Bollinger Bands indicator is a well-known and interesting indicator, as it provides with entry and exit points. It basically consists in a MA and two bands above and below it. Each band is classically placed at 2 standard deviations away from the MA. If we assume that price variations follow a normal distribution, this ensures that 95% of the prices will fall within the bands.
I-Some theoretical points
Keeping this assumption for now, the time-series of price variations can be described by a Wiener Brownian Motion of normal distribution N(0,t). It is interesting to see the probability of the prices to be within the bands is equal to the probability of the maximum of the price (that we will name M(t)) to be within them, as shown below:
For more details and the justification of this formula, see my other blog.
We then see:
Such probabilities are calculated for the theoretical value of the standard deviation of the WBM, the Bollinger Bands, however, calculates an empirical value for it using the well known formula:
Given this practical σ and the theoretical one, we can equate the two:
And knowing the theoretical standard deviation for a FBM (see there), we get the practical standard deviation for FBM (of Hurst parameter H):
II-Implementation of Fractal Bands
A straightforward way to implement Fractal Bands seems to just take classical Bollinger Bands and merely increase the width of the bands by raising the standard deviation to the power of 2H. However, if we do that, here is what we get (the MA is the FRASMAv2, the reference period is 30, the blue bands are Bollinger Bands for the same speed) :
I don't find this indicator very useful (not useful at all actually, for me). It seems necessary here to get some perspective about how we wish to improve on the Bollinger Bands. From my point of view, as a day trader, I feel Bollinger Bands too narrow, the prices hit them too often, especially in a trending market, where I would like to get a clear signal only when the trend is over. But, with Bollinger Bands, most of the trend occurs outside the bands, prompting me to close the trade much too early and basically inciting me not to ride the trend.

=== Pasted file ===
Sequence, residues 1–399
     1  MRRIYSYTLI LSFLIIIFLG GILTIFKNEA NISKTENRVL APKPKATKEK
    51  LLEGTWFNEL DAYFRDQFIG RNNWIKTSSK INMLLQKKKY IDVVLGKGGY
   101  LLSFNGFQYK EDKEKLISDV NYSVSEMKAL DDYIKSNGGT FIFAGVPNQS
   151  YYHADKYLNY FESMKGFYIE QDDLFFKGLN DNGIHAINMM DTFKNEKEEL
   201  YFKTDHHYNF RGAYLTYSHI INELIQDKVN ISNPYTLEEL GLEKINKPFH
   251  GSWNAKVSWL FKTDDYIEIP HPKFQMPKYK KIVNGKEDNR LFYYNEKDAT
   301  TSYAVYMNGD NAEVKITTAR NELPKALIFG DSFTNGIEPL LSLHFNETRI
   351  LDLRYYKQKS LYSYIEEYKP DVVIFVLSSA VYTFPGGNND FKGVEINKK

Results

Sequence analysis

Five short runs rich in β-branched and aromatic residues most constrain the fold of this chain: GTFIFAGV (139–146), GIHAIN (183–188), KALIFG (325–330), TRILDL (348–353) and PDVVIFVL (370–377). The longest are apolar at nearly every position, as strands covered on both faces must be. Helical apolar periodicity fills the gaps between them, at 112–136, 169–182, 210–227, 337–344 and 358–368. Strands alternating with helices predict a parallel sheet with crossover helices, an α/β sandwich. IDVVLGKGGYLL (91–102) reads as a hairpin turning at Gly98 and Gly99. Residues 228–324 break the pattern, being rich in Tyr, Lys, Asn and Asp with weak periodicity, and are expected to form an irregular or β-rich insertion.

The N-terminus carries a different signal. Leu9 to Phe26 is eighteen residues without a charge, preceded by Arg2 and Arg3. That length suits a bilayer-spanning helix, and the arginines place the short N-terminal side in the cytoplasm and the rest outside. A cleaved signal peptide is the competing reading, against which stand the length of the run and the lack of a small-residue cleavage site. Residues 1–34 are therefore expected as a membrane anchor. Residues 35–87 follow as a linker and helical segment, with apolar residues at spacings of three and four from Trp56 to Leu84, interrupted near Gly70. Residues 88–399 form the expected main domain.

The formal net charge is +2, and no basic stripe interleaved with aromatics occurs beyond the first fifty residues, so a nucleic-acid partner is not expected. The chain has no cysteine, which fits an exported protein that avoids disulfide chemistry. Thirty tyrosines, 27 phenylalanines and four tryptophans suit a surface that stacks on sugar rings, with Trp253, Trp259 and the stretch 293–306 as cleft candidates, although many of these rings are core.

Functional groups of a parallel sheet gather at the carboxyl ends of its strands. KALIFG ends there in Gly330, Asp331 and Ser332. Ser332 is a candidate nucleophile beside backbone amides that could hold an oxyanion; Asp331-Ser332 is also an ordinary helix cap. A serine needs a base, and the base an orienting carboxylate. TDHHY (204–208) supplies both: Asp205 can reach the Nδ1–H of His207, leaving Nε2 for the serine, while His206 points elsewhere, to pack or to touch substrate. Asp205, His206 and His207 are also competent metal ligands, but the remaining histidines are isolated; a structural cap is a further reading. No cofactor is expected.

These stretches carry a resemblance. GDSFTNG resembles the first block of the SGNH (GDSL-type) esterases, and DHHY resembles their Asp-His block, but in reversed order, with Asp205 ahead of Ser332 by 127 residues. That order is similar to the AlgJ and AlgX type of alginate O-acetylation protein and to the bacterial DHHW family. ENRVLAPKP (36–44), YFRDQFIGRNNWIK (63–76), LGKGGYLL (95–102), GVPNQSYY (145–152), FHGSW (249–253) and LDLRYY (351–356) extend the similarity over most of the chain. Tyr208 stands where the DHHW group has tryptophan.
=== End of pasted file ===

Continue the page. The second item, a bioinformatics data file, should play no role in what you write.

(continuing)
Applying equation (1) however, we get the counter-productive effect of narrowing the bands when in a trend, because, in our case of price variation, the standard variation is much lower than 1(this may not be the case for stock exchange, but it clearly is for FOREX), raising it to a higher power therefore decreases its value proportionally.
A way out of this quandary is simply to apply the following treatment to the standard deviation from the Bollinger Bands instead of the one from (1):
By taking α greater than 1, the higher our H, the wider the bands will be, here is what it leads to (with the same setup as before, and α=2):
The script fractal_bands.mq4 can be downloaded from this address from the MQL4 site.
The input parameters of the indicator are as follows:
e_period (integer): This is the period considered for calculating the fractal dimension, default is 30.
normal_speed (integer): This is the speed of the SMA before being modified to become the FRASMA, default is 30.
alpha (real): This is the alpha from equation (2), default is 2.
shift (integer): This is the number of bars the FRASMA is shifted to the right(positive) or to the left(negative), default is 0.
e_type_data (0,1,2 or 3): This is the type of price the indicator will consider (0=CLOSE, 1=OPEN, 2=HIGH, 3=LOW), default is 0.
I have started using the Fractal Bands indicator, and am very happy of it so far. The strategy is quite straightforward.
I enter in a BUY position after the price have rebounded (after touching it) from the lower band and crossed the FRASMA, my Stop Loss is then set to the level the prices hit the lower band, and my Take Profit is when the prices hit the higher band.
Symmetrically, I enter a SELL position after the price have fallen from the higher band (after touching it) and crossed the FRASMA, Stop Loss set at the level of the hit of the higher band, and Take Profit when the lower band is hit.
It is obviously possible (and even advised) to make your Stop Loss trailing the price changes.
I used this strategy for EUR/USD on a 5 minutes timeframe, using it on other timeframes or on other instruments may require a different setup, mine was to set the speed of the FRASMA at 30, and α=2 (in equation (2) above), it is possible to change these values.